1.2.2 Organigramme and funding
Figure 1.10 shows an organigramme of DPAC, with the major elements discussed in the following sections. The DPAC is funded through national funding agencies of the participating ESA member states. These funding agencies, including ESA, have signed a multi-lateral agreement (MLA) which commits all parties to fund DPAC efforts up to the end of 2022.
DPAC is managed by an executive body – the DPAC executive, DPACE – consisting of 12 members. See https://www.cosmos.esa.int/web/gaia/gaia-dpac-executive for the composition of DPACE. The DPACE regularly reports to the MLA steering committee (SC) which consists of representatives of ESA and the major partner funding agencies (Section 1.2.2).
The DPAC executive (Section 1.2.2) is supported in its tasks by the DPAC project office (PO) which takes care of the day-to-day guidance and coordination of the operational activities. See Gaia Collaboration et al. (2016b), Gracia-Abril et al. (2019), and https://www.cosmos.esa.int/web/gaia/project-office for more details.
DPAC is composed of nine coordination units (the CUs), each in charge of a specific aspect of the data processing, with clearly defined responsibilities and interfaces. Each CU is composed of several dozen members, spread around various (academic) institutes in various, mostly European countries (see https://www.cosmos.esa.int/web/gaia/dpac/institutes). Activities of DPAC members at institutes as well as institute involvement vary over the years, as reflected in the list of affiliations in the release papers of the various releases (e.g., Gaia Collaboration et al. 2016a; Gaia Collaboration et al. 2018a). The details of the various DPAC data processing systems are provided in Gaia Collaboration et al. (2016b). In Table 1.6, the DPAC coordination units are listed by number, together with the data processing (sub-)systems and specific tasks that the CU in question is responsible for. Although this is not of direct interest to the reader of this documentation, the CUs are sometimes referred to in the text and this table provides the means to understand the context of such references.
|CU||Data processing (sub-)systems and specific tasks|
|CU1||System architecture (Section 1.2.3), common tools (Section 1.2.3), main database (MDB; Section 1.2.3), catalogue integration|
|CU2||Simulations (Section 1.2.3 and Chapter 2)|
|CU3||Initial data treatment (IDT; Section 3.4.2) and first look (FL; Section 3.5.2), astrometric verification unit (AVU; Section 3.5.1), astrometric global iterative solution (AGIS; Section 4.4.2), global sphere reconstruction (GSR; Section 3.5.1), intermediate data update (IDU; Section 3.4.2), relativistic astrometric models, auxiliary science data / observations (e.g., spectro-photometric standard stars, SPSSs)|
|CU4||Solar-system science alerts, non-single-star (NSS) treatment, Solar-system-object (SSO) treatment, extended-object (EO) analysis|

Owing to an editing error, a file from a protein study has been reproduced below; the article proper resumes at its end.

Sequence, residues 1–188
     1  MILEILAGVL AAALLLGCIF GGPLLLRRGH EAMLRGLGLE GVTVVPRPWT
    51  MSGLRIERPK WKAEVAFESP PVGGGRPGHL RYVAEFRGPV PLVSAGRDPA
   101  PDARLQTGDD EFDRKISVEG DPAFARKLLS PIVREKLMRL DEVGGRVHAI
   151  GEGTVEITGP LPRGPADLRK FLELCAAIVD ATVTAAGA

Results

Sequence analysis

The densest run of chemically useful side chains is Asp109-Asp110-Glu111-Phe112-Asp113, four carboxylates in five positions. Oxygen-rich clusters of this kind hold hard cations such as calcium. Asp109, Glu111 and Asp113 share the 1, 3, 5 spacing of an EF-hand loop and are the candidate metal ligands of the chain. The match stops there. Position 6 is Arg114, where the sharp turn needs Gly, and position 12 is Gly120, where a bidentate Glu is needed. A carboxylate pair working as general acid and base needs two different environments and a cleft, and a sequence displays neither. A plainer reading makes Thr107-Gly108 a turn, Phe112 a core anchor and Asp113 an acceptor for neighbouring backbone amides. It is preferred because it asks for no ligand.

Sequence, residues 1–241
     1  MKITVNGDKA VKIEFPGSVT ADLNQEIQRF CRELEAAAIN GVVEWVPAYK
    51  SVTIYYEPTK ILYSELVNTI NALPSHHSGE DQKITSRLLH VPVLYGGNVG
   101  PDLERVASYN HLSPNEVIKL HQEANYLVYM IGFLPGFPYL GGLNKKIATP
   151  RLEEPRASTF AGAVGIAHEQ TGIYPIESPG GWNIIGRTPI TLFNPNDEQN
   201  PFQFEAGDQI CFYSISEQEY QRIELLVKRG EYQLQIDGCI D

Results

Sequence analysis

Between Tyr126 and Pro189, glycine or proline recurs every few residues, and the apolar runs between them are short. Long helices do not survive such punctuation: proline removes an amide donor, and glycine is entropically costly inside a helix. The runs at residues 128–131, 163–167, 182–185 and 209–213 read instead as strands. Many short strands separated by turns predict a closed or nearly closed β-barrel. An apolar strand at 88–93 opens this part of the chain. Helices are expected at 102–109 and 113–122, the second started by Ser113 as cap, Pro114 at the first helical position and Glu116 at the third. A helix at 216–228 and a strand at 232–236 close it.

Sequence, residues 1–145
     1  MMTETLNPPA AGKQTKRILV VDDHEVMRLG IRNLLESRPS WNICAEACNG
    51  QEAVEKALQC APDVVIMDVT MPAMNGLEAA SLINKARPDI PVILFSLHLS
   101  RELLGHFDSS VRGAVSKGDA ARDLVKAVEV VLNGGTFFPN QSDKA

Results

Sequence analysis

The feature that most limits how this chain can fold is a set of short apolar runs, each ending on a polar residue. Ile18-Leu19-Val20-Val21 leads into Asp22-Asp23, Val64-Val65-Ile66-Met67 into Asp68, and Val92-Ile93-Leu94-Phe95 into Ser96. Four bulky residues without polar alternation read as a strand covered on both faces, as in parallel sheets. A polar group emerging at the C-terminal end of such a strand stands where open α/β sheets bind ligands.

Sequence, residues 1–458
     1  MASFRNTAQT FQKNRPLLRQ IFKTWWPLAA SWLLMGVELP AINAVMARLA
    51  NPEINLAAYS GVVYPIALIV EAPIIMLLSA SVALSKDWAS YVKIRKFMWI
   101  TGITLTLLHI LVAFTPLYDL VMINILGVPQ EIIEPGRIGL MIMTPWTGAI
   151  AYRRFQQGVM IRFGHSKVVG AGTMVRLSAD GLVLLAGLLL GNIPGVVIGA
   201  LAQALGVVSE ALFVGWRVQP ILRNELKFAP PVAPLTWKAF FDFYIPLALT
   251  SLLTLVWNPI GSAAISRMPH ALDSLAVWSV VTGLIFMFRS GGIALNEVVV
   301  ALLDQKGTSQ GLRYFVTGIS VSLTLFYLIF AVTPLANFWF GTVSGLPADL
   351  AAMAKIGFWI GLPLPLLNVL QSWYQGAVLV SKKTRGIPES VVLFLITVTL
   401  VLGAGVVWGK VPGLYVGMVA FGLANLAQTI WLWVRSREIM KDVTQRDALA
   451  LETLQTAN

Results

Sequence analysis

|CU5||Photometric pipeline (PhotPipe; Chapter 5), source-environment analysis (SEA), photometric science alerts (PSA), LSF/PSF calibration (CalTools; Section 3.3.5)|
|CU6||RVS daily processing and RVS pipeline|
|CU7||Variable-star processing and analysis|
|CU8||Astrophysical-parameter inference (Apsis)|
|CU9||Data validation and catalogue publication (Chapter 7)|
Data processing centres
The actual processing of the Gaia data takes place at six data-processing centres (DPCs) in Europe, located at ESAC near Madrid (DPCE, Section 1.3.5), the University of Barcelona (DPCB, Section 1.3.5), CNES in Toulouse (DPCC, Section 1.3.5), the Institute of Astronomy (IoA) in Cambridge (DPCI, Section 1.3.5), the University of Geneva (DPCG, Section 1.3.5), and the University of Turin (DPCT, Section 1.3.5). More details are provided in Gaia Collaboration et al. (2016b).
A payload experts (PE) group is dedicated to (discussing the findings of the) monitoring of the health of the Gaia payload, which is routinely done by First Look (Section 3.5.2), and is formed primarily by DPAC members who are directly involved with processing the Gaia ‘raw’ data stream on a daily or semi-daily basis (Section 1.2.3), as well as members of the project office (Section 1.2.2), Gaia’s mission manager and project scientist (see Section 1.1.5 and https://www.cosmos.esa.int/web/gaia/esa-team), and members of ESA’s Science Operations Centre (Section 1.1.5). During Gaia’s Commissioning phase, the payload experts played a critical and intensive role in verifying the operational health of the payload, assisting in the adjustment of payload calibration and configuration parameters (such as the spin rate and focussing), and in the early identification of various instrument anomalies and investigation into their root causes, including a variable, and higher-than-expected, background and the periodic variation of Gaia’s basic angle. During the routine science operations phase, the payload experts continue to monitor the instrument status (such as optical throughput and quality) and of various, known instrument issues that (may) impact the quality of the science data. The payload experts propose adjustments in the payload operating parameters as well as signal the need for decontamination and re-focussing campaigns (Section 1.3.3). The description of the current instrument status in Section 1.3.3 gives some concrete examples of their efforts.